But on the level of experience, it might be as simple as presence and a humble connectedness. I feel most at ease, at peace, serene, when I set myself on that course, and as an atheist, those feelings and the thoughts and actions (for spirituality requires action) that nurture them are what I mean if I speak of spirituality.

And the utility, as far as I’ve heard and experienced, is that pursuing some amount of “spirituality” can lead to less fear, less worry, more peace, and no small sense of liberation.

Review: The Bodhisattva’s Brain : Buddhism Naturalized

The Bodhisattva's Brain : Buddhism Naturalized
The Bodhisattva’s Brain : Buddhism Naturalized by Owen Flanagan
My rating: 4 of 5 stars

I found Flanagan’s writing clear and enjoyable, and his exploration of Buddhism from a naturalist philosopher’s perspective rather elucidating. I particularly found it enlightening to find that I did not like when he calls to question whether Buddhist epistemology necessarily leads to Buddhist-style ethics, because I want to believe they do, but that’s not very Buddhist of me, to be so attached to the believe that there can and should be an “ought” that everyone can find their way to. It’s also not very “me,” in that I actually believe people can be such different phenomena in the world that not everyone *can* “find their way” to the same solutions — for example, the Buddhist “solution” to living is going to work better for someone of average mental health than for someone who struggles with the sort of chemically/physically-based depression or other psychological situations that some people struggle with.

I still feel that there’s something missing in Flanagan’s work, something I can’t put my finger on about a “correct” view of anatman/no-self and its link with compassion. He does allow for the possibility that compassion should come up just because we happen to be the sort of beings for whom compassion and social engagement makes us flourish better — and I think that’s true (anthropology and psychology seem to corroborate it) — but he’s correct to point out that isn’t part of the Buddhist argument. It should be added to the Buddhist worldview, but it isn’t classically part of it. I guess I think part of the reason a “correct perception” of impermanence and no-self should generally lead to compassion is that, usually, human beings who seek enlightenment are, to some degree, interested in alleviating some suffering, or dealing with some pain, and a certain understanding of impermanence and no-self can (should?) engender self-compassion, self-forgiveness, self-kindness and gratitude which can then be easily directed outward to others. One should, theoretically, not jump to sadness and nihilism because, I think, the idea of impermanence and an understanding of the origins and causes of “dukkha” is intended to be a *relief.* This relief allows us to be kinder to ourselves, and then to others.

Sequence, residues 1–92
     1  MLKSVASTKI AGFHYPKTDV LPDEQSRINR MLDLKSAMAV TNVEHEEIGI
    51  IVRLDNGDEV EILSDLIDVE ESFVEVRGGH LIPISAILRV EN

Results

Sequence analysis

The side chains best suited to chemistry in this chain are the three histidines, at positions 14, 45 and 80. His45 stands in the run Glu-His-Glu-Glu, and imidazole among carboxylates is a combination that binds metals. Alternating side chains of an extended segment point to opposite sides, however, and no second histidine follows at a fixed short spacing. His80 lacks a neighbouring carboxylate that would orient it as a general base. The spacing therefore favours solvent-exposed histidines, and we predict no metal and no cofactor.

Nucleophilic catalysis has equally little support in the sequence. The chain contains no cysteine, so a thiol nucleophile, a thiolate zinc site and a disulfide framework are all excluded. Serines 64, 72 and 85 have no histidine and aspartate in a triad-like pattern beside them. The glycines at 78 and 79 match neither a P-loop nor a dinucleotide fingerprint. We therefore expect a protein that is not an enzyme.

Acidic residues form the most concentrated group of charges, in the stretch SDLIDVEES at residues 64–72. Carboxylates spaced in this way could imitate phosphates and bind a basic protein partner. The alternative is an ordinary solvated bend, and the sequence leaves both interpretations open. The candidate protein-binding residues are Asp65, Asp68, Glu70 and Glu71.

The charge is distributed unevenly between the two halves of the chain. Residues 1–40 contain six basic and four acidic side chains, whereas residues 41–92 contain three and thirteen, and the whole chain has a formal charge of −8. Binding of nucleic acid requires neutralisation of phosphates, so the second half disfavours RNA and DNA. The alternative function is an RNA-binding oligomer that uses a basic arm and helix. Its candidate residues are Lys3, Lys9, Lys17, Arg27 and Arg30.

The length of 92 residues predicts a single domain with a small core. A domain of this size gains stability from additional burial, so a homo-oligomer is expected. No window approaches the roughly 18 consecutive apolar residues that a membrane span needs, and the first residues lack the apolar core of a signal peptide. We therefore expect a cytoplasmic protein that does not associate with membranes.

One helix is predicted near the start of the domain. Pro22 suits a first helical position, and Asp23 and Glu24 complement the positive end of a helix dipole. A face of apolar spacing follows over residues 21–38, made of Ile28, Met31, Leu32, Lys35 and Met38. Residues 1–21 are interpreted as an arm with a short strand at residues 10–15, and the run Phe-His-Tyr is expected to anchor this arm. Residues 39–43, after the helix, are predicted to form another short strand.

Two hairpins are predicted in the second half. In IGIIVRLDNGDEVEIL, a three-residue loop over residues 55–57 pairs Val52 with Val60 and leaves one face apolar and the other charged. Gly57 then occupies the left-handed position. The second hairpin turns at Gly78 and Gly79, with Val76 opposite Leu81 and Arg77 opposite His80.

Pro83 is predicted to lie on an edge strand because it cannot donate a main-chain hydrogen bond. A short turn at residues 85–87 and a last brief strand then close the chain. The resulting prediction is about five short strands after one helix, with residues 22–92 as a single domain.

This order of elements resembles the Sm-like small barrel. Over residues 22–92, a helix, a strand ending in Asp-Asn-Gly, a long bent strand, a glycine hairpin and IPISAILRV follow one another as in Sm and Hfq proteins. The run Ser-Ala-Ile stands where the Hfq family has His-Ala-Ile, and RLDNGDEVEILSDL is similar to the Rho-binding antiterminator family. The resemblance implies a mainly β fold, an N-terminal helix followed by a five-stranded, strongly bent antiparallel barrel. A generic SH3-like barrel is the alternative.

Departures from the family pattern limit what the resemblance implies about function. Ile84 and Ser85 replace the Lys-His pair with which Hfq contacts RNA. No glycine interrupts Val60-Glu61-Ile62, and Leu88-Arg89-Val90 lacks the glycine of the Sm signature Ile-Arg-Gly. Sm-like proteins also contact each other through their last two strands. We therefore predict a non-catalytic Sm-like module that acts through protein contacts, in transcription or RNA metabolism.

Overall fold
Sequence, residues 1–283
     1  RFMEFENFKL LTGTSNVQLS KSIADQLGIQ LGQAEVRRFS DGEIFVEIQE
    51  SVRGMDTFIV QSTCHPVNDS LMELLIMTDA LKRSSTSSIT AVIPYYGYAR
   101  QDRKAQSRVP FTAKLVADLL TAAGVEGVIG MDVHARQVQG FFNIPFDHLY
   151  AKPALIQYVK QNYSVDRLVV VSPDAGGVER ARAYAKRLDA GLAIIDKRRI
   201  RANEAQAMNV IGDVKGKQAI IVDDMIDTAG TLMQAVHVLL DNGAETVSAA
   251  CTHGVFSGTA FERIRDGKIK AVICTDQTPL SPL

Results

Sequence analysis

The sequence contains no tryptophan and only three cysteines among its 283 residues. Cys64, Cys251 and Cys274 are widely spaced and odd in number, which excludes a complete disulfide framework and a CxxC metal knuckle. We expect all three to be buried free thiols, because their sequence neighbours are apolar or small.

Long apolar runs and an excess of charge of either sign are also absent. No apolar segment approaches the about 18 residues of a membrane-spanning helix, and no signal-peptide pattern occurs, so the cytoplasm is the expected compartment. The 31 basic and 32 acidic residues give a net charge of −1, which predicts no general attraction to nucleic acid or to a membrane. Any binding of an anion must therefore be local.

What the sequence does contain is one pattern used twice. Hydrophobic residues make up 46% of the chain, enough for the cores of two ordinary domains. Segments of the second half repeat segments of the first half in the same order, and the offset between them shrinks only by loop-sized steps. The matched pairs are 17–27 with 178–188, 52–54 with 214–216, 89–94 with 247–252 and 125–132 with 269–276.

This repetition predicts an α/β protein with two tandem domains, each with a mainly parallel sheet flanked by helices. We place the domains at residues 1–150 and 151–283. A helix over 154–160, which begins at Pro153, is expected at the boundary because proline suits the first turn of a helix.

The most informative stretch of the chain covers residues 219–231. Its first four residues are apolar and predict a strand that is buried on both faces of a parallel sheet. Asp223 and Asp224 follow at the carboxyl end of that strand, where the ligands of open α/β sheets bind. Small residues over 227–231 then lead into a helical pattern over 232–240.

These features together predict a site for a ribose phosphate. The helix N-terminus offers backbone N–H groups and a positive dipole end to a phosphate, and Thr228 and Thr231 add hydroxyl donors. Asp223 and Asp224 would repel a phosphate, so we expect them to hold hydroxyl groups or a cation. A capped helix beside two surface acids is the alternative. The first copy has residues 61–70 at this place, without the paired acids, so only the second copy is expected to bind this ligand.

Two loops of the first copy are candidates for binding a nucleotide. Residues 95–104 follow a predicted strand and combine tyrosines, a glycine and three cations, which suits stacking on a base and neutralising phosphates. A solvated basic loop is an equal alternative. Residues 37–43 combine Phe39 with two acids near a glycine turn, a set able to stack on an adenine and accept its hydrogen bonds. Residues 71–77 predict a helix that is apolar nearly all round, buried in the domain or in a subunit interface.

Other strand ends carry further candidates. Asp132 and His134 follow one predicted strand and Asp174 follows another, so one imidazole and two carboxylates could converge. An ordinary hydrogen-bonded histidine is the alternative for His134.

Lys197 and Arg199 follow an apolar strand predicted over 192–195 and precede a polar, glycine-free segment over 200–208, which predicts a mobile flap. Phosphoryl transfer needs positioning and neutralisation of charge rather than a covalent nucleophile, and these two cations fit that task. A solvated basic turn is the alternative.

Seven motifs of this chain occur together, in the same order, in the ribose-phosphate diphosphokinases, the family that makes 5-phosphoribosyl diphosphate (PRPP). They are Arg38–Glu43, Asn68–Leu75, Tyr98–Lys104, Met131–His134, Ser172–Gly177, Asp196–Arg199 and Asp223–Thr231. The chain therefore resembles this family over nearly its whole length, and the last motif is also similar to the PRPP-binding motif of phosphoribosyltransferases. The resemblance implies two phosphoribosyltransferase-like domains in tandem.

In any case, I highly recommend this book to anyone with an interest in Buddhism and philosophy, especially those who lean “agnostic or atheist or naturalist” or what-have-you when it comes to spirituality or religion.